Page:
If your goal is to get your Facebook video ad in front of as many viewers as possible, optimizing your campaign for video views makes a lot of sense.
However, if you want more users to remember your brand, brand awareness is more relevant.
Meanwhile, pick traffic if your video ad motivates users to visit your website. If your primary motivation is to make sales through the ad, conversions are better.
Ultimately, which objective you pick depends on why you’re making a video ad in the first place. And if you’re not sure exactly why you’re making one, take a moment to step back and consider.
Now that you have an objective in mind for your Facebook video ad, you need to select the right key performance indicators (KPIs) for your campaign to measure how successful it is.
Picking the right KPIs is first and foremost based on your marketing objectives, and some of these are unique to video advertising on Facebook.
Facebook offers analytics to help you understand how your video ads are performing, including 10-second video views over time.
For shorter videos that present your brand and main message early on, it makes sense to follow 3-second video views as a measure of success.
If the value of your video ad is delivered later, consider following 10- or 30-second video views over time instead.
If you’re making a video ad to drive web traffic, you should follow the ad's clicks and click-through rate (CTR).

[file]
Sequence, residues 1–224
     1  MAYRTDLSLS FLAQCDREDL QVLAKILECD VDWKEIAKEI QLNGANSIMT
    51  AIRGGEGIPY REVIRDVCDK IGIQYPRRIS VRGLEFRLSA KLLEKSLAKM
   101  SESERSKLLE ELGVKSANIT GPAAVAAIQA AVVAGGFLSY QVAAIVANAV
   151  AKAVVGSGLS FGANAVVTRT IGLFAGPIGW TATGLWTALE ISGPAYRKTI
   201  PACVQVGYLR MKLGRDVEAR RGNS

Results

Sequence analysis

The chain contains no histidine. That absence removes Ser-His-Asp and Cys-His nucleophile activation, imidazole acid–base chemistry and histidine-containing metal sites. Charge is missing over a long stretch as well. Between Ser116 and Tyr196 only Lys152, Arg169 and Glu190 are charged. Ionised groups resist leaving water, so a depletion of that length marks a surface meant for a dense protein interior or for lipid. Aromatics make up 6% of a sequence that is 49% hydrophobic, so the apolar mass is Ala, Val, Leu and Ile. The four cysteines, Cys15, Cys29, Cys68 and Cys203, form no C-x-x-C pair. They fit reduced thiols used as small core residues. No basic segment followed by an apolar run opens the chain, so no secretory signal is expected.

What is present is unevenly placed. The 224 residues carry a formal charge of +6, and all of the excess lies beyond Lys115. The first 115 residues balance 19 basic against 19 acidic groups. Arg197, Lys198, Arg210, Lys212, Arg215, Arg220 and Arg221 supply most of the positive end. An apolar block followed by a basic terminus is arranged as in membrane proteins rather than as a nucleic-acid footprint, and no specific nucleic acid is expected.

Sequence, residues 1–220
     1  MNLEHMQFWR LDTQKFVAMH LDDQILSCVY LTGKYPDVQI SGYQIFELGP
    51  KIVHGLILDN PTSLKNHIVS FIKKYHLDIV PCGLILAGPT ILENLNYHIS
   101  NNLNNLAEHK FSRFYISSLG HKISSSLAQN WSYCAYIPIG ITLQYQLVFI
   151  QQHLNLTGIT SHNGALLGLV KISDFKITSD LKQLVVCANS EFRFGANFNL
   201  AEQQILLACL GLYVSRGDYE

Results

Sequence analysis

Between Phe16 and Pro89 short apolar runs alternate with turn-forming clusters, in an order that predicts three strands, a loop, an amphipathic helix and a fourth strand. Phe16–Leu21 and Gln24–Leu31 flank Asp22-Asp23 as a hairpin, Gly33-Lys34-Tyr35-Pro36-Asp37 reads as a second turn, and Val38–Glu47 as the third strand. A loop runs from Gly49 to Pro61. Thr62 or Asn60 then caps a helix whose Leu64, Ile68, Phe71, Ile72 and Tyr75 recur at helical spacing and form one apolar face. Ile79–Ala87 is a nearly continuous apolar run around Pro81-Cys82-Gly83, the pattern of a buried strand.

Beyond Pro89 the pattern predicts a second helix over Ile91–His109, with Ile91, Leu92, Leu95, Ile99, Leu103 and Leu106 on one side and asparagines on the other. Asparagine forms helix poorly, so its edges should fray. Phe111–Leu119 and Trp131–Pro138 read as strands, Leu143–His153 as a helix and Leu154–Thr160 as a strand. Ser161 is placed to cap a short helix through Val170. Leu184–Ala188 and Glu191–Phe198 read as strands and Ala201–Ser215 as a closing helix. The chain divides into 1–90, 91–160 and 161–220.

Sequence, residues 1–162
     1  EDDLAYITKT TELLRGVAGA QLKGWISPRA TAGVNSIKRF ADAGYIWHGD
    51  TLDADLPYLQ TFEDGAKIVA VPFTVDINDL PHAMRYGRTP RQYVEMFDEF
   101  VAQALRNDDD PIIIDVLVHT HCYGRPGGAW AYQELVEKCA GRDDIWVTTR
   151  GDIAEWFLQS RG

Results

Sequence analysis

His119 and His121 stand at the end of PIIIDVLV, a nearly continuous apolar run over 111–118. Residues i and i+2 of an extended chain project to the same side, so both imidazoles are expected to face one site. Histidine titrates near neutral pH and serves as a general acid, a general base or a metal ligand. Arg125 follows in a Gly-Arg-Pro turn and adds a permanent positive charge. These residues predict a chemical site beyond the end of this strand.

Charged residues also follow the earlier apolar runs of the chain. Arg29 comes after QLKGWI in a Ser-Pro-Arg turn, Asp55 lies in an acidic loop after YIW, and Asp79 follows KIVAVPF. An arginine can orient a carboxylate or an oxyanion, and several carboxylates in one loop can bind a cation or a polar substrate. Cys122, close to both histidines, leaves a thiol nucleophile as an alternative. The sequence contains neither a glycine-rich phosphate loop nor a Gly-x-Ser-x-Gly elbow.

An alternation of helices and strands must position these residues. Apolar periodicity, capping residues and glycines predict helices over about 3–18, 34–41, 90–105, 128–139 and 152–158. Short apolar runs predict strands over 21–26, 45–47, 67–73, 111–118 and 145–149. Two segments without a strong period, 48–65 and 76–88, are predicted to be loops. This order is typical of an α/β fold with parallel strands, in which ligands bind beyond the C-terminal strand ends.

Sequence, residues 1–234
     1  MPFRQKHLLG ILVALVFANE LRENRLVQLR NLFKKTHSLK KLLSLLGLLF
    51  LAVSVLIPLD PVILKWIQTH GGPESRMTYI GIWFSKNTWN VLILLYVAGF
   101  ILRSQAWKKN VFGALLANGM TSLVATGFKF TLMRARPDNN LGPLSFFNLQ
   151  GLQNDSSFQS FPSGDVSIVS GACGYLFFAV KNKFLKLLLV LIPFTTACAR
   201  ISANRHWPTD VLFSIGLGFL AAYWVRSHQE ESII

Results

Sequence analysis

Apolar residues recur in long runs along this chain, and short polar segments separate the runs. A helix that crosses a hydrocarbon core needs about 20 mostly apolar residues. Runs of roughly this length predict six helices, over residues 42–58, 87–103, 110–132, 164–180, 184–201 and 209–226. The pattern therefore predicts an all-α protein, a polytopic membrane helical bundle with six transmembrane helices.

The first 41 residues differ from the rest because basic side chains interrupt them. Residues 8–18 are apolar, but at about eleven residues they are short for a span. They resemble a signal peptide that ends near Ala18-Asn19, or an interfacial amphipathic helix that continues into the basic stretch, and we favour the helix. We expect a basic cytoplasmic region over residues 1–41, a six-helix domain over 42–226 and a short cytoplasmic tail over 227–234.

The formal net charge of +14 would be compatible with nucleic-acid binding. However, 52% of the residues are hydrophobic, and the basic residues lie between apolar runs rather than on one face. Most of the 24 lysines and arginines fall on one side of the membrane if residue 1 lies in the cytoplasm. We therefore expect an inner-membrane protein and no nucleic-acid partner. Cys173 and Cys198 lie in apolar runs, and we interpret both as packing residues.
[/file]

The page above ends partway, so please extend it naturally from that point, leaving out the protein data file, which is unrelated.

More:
This will let you know how much traffic the ad generates and tell you how efficient it is to get people to click on it.
If your objective is to drive sales, track conversions and conversion rate (CVR) on your website, preferably with the Facebook Pixel.
This will let you know how many sales your video ad generates and tell you what percentage of users who saw the ad made a purchase.
Finally, when it comes to monitoring brand awareness, you should monitor ad recall lift.
Facebook video ads are more than just sponsored videos in News Feed. There is a wide variety of video ad formats you can choose from to tell your story in the most effective way possible.
For example, you can post looping GIFS, vertical video ads, video carousel ads, Facebook Stories ads, canvas ads, collection ads, sponsored live videos, sponsored 360 videos, in-stream ads, etc. Now that’s a lot of options.
Which one you select should be based on your marketing objectives and the length of your video content.